Autism study finds high rates of unmet healthcare needs; suggests public policy solutions
An Autism Speaks analysis of national survey identifies barriers to care and provides guidance for new programs to address needs across the lifespanJanuary 14, 2019
A new analysis of the National Survey of Children’s Health finds that nearly a fifth of children with autism (18.8 percent) have unmet healthcare needs. This contrasts to 9.6 percent of children with other disabilities and 2.6 percent of children without disabilities.
The analysis also identifies the circumstances most strongly associated with unmet healthcare needs among children with autism. And it provides guidance on how public programs can better address these disparities across the lifespan.
The report, by Autism Speaks science and public policy experts, appears in the Journal of Autism and Developmental Disorders.
It’s based the 2016 National Survey of Children’s Health. This federally funded survey of more than 50,000 parents recently made headlines for its finding that autism rates may be significantly higher than official estimates by the Centers for Disease Control and Prevention.
Complex healthcare needs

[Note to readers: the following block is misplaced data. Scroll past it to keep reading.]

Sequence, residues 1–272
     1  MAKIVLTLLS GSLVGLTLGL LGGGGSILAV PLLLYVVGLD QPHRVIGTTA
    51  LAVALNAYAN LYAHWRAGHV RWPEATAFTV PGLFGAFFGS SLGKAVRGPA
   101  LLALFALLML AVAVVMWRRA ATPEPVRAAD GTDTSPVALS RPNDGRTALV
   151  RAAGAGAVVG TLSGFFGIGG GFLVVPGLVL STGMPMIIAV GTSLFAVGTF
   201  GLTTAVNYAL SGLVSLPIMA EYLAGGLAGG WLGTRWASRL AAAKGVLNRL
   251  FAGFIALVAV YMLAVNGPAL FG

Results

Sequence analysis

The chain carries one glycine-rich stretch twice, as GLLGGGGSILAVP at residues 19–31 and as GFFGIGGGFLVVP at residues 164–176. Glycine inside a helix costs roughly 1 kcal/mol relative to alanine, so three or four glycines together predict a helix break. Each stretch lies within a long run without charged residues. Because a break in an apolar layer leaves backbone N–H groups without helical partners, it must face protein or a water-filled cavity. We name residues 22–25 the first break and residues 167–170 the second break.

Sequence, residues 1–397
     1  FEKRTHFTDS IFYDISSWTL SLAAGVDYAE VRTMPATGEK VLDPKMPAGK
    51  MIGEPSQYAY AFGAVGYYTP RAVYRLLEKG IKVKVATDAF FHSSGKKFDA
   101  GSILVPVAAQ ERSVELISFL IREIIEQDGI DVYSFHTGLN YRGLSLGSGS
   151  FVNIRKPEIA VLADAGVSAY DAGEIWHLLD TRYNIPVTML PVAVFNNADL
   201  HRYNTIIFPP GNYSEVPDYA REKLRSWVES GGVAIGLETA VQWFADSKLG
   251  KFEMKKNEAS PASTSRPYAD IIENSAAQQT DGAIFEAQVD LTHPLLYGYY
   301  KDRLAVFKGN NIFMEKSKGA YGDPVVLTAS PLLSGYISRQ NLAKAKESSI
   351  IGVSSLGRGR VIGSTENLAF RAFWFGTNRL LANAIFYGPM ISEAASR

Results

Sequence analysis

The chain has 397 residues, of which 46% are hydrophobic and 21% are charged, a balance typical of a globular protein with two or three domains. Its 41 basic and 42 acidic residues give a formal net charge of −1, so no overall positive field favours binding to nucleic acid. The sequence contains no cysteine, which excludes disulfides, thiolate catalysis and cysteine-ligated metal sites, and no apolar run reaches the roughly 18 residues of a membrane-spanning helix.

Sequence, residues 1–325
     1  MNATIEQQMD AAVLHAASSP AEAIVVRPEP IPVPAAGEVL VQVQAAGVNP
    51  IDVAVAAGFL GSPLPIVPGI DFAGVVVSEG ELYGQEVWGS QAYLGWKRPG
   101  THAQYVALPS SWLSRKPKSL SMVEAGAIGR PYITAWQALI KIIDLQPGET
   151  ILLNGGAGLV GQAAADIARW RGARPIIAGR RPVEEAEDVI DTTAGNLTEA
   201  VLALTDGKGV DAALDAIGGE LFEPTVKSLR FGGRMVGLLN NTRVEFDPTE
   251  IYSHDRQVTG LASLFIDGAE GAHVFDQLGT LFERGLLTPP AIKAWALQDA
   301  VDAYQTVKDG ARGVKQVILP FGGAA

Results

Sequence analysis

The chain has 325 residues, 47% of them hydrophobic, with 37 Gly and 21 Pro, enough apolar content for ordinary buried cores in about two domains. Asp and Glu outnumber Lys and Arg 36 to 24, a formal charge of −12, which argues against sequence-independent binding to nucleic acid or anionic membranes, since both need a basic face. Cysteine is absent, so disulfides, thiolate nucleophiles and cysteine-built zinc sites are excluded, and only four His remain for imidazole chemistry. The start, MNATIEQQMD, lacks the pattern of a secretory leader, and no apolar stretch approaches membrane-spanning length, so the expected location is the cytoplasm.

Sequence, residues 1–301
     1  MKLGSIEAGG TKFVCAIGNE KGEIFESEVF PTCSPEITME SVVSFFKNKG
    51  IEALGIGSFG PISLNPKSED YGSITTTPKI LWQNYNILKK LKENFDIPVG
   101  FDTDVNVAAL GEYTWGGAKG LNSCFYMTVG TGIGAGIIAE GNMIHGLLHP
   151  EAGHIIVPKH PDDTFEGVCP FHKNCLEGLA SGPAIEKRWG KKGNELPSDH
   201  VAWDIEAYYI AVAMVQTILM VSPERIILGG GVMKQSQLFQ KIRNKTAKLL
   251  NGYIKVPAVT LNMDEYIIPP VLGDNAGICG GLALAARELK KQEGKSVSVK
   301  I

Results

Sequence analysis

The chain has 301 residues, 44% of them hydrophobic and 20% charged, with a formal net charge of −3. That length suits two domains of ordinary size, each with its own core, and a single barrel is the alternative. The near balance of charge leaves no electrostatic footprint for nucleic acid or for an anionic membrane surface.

According to the national survey, 93 percent of children with autism have one or more co-occurring health conditions, compared to 62 percent of children with other disabilities. This finding is backed by considerable research associating autism with high rates of many medical and mental health issues, including seizures (epilepsy), digestive disorders, disrupted sleep, anxiety and depression, among others.
Barriers to care
Yet these complex medical needs were not the sole or even the primary driver behind the disparities in access to needed services, according to the new analysis.
The circumstances strongly associated with unmet healthcare needs among children with autism were:
* no or low-quality health insurance
* no access to family-centered care (care that includes families as partners in their child’s healthcare)
* adverse childhood conditions (family separation, divorce, physical or emotional abuse and domestic violence in the home, etc.) and
* parental challenges (financial hardship, difficulties caring for the child, unemployment and being a single parent, etc.).
Proposed policies and programs
“These findings make clear that the unmet healthcare needs faced by children with autism are substantially related to factors best addressed through policies and programs that strengthen the ability of families to care for their children,” says study leader Arun Karpur, Autism Speaks director for data science and evaluation research.
“Programs supporting children with autism and their families need to integrate social supports across a broad range of needs including education, workforce development, healthcare and other welfare programs,” Dr. Karpur adds. Currently, he says, these types of public programs operate separately, increasing a family’s difficulty in accessing them.